Water Quality Study Complete

lake

by Lee Boggs

In our continued effort to preserve and protect the Radnor Lake State Natural Area, Friends of Radnor Lake initiated an extensive eight-year water quality assessment with supporting funding from a CSX railroad environmental education grant. The need for this study was related to the increasing suburban development in the Radnor Lake watershed, public concern for lake health and the need to promote public awareness of potential threats to Radnor Lake, including the impending Piedmont Gas pipeline construction.

The study was conducted to determine the quality of the water in Radnor Lake and its feeder streams and to determine its overall health. Radnor Lake is an 85-acre lake, with the deepest point being approximately 50 feet with an average depth of 12-14 feet. Since the lake is the “crown jewel” of the Radnor Lake State Natural Area, FORL wanted to develop a solid baseline of data with which to focus its efforts to preserve this sensitive natural watershed.

FORL contracted with Chris Van Loon, a graduate student at Vanderbilt, to conduct the study. Supporting this effort was the steering committee composed of Steve Ward, park manager; Lee Boggs, FORL board member; Dr. Oliver Yates, Jr., retired chairman of Lipscomb University Biology Department; and Scott Hall, manager of ecotoxicology at Environ International Corporation. Park rangers and students from Lipscomb, Middle Tennessee State and Vanderbilt Universities also contributed.

In 2005, the initial study was performed on the lake and five primary feeder streams in the winter, spring, summer and fall, followed by an annual sampling and analysis until its completion in 2011. Five primary water characteristics were tested: nitrates, phosphates, dissolved oxygen, temperature and pH (alkalinity), all recognized by water-quality specialists as the leading determinates of water quality for a lake and watershed like Radnor. Fecal coliform was also tested to determine if there was any contamination in the lake from septic tanks and/or broken sewer lines in the watershed.

All of the analyses show the quality of the water to be supportive of rare plants, aquatic organisms and upland wildlife, all strong indices of a healthy lake. The Tennessee Department of Environment and Conservation water quality standards were used, and all five characteristics were generally good. However, there was an eight-fold increase in nitrate concentrations from 2005 to 2011 and concentrations above recommended ranges for phosphates in three of the creeks downstream of neighboring subdivisions. Dissolved oxygen levels were strong in the feeder streams and good in the lake itself.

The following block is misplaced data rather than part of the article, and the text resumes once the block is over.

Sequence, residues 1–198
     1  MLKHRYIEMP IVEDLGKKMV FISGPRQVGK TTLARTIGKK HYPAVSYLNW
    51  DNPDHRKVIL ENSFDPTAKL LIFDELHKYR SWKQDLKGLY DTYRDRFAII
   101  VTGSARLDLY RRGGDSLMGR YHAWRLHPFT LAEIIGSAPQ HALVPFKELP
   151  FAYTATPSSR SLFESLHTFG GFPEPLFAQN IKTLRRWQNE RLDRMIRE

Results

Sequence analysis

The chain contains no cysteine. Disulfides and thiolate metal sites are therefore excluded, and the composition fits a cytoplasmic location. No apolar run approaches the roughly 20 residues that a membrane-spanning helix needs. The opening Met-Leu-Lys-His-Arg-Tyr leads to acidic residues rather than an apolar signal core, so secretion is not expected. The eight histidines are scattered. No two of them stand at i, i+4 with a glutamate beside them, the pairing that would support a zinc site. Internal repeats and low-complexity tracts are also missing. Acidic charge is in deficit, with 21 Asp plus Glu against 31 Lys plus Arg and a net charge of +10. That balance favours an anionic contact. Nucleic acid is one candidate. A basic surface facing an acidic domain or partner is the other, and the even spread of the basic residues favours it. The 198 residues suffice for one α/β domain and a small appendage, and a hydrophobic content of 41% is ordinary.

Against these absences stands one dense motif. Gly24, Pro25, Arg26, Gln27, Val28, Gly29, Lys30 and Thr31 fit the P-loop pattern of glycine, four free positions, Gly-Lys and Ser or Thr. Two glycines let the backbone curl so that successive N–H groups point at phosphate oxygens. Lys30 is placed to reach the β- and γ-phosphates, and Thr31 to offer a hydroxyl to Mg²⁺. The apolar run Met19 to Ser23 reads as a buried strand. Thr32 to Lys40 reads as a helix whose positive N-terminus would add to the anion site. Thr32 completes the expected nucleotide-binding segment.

Temperature readings averaged well below the 86.9 degree Fahrenheit threshold, and pH (alkalinity) levels were within range. Fecal coliform concentrations were below the 100 cfu/100 mL threshold.

While the quality of the water in Radnor Lake and from the feeder streams is relatively good, there are areas of concern. Nitrates and phosphates contribute to eutrophication, an exponential growth of plant life and algae that die off and create high volumes of dead organic matter that consumes dissolved oxygen in the water. Insufficient dissolved oxygen levels are stressful to and can kill off plant and aquatic organisms. The algae covering Big South Pond, located south of Otter Creek Road near the eastern side of the lake, is a visual example of eutrophication. Future concentrations at current levels will be detrimental to water quality and the overall health of the lake.

The current condition of water quality in the lake can be compared to a person’s health. For example, while a person’s annual physical exam may show good general health, there may be negative contributors such as increased levels of cholesterol and blood pressure above recommended ranges. This is the same for the overall health of the water in Radnor Lake. Certain feeder streams indicate high concentrations of nitrate and phosphate. In both instances the negative contributors need to be dealt with now before they damage overall good health. Just as specific causes of health issues are not always clear, direct links between individual or community behavior and water quality are not exactly concluded from this study. However, these data do suggest potential human-related influences on certain areas of the watershed based on readings falling outside of safe range.

Recommendations for action include continued monitoring and evaluation of water characteristics, identification of sources of contaminants (nitrates and phosphates), initiation of efforts to reduce and/or remove contaminants, continued work with the City of Oak Hill on land-use regulations and controls to prevent contamination, initiation of a water quality education campaign, help given to neighboring home-owner associations to reduce nitrate and phosphate discharges to feeder streams and continued focus on acquisition of land in the watershed to protect  the quality of water in Radnor Lake. FORL will continue focusing on its mission to help accomplish water quality protection, and park visitors and neighbors can help by avoiding overuse of fertilizers, encouraging others to do the same and supporting environmental education programs at Radnor Lake.